Accidents Scenarios are being clarified as Edge or Corner Cases — Here is the Wiki definition of a Corner Case — “In engineering, a corner case (or pathological case) involves a problem or situation that occurs only outside of normal operating parameters — specifically one that manifests itself when multiple environmental variables or conditions are simultaneously at extreme levels, even though each parameter is within the specified range for that parameter.” What folks are calling edge or corner cases are the core complex or dangerous scenarios that must be learned in the primary path. Call them exception handling cases or negative testing but they are NOT edge or corner cases. Edge or corner cases would be cases outside the bounds of those normal operating cases. I say normal because these are scenarios that have to be learned because they will or can happen. Whether the scenarios are benign, complex or dangerous they all have to be learned and tested. The concern here is that the proper depth and breadth of engineering and testing is not accomplished because these scenarios are seen as outside the bounds of proper due diligence. This is where corners will be cut to save time and money.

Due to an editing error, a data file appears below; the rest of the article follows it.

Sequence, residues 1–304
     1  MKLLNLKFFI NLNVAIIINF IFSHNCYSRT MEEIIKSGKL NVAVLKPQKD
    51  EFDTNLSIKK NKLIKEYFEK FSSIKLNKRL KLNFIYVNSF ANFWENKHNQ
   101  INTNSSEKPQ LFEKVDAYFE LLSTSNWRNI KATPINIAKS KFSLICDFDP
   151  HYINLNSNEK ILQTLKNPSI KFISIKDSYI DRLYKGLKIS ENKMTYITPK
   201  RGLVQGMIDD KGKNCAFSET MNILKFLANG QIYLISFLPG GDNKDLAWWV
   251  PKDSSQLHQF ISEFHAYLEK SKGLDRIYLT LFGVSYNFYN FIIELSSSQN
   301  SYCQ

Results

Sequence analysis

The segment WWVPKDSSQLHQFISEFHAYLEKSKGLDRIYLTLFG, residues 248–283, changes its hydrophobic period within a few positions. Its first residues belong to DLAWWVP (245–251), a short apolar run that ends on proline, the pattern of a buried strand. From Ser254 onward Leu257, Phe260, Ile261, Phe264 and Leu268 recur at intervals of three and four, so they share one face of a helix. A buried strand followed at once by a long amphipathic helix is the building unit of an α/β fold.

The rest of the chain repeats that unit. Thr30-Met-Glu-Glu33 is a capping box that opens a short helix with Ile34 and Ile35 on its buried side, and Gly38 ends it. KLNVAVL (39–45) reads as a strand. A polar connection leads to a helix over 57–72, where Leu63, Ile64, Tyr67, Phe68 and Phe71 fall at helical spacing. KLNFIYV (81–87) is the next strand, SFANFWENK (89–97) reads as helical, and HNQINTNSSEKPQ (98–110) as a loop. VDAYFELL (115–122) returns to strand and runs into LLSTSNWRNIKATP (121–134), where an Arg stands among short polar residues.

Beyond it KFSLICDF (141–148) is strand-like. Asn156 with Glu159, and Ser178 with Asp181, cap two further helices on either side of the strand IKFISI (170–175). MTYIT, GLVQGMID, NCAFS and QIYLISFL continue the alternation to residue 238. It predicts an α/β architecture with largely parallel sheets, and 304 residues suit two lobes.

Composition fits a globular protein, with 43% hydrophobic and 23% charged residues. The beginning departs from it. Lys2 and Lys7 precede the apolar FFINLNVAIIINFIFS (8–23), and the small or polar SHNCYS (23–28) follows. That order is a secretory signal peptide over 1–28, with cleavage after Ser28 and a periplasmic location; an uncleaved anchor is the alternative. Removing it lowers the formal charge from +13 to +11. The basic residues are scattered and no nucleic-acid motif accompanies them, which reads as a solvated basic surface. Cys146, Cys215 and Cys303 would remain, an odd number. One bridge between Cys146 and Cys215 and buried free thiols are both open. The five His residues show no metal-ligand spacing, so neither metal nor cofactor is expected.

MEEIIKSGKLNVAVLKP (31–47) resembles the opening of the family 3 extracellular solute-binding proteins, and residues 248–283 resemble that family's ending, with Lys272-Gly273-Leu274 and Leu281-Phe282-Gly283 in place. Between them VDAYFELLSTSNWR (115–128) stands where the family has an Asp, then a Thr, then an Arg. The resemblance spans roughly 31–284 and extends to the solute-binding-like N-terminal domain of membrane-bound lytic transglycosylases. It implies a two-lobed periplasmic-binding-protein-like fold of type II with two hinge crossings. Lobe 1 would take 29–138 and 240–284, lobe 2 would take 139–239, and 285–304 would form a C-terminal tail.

No Minimal Acceptance Criteria — Recently the GAO admonished the DoT for not creating test cases to ensure the minimal set of criteria is known and verified to prove autonomous vehicles perform as good or better than a human. The GAO stated — “The Transportation Department, for its part, said it concurs that a comprehensive plan will eventually be needed. But in a prepared statement published alongside the GAO report, a department official said such a plan is “premature,” because of “the nature of these technologies and the stage of development of the regulatory structure.” It is a myth that most of the scenarios cannot be created because of associated technology. There is almost no correlation between the technology involved and creating test scenarios to ensure that tech is doing what it should. The minimal acceptable scenarios should have already been created and been utilized for the vehicles already in the public domain. The second myth is that the majority of the test scenarios will come from public shadow driving. As I have already stated it is impossible to drive the miles required to do so. The solution is to include a top down effort to create a proper scenario matrix, create the minimal testable criteria needed to ensure these systems are safe and to use that system in the same geofenced progression the systems are being fielded for engineering, test or public use. Regarding the scenario matrix, there is the issue of using miles and disengagements to measure AI and testing progress. Miles and disengagements mean very little and can be misleading without the scenario and root cause data. The primary metrics that should be used are critical scenarios that need to be learned and those that have been learned.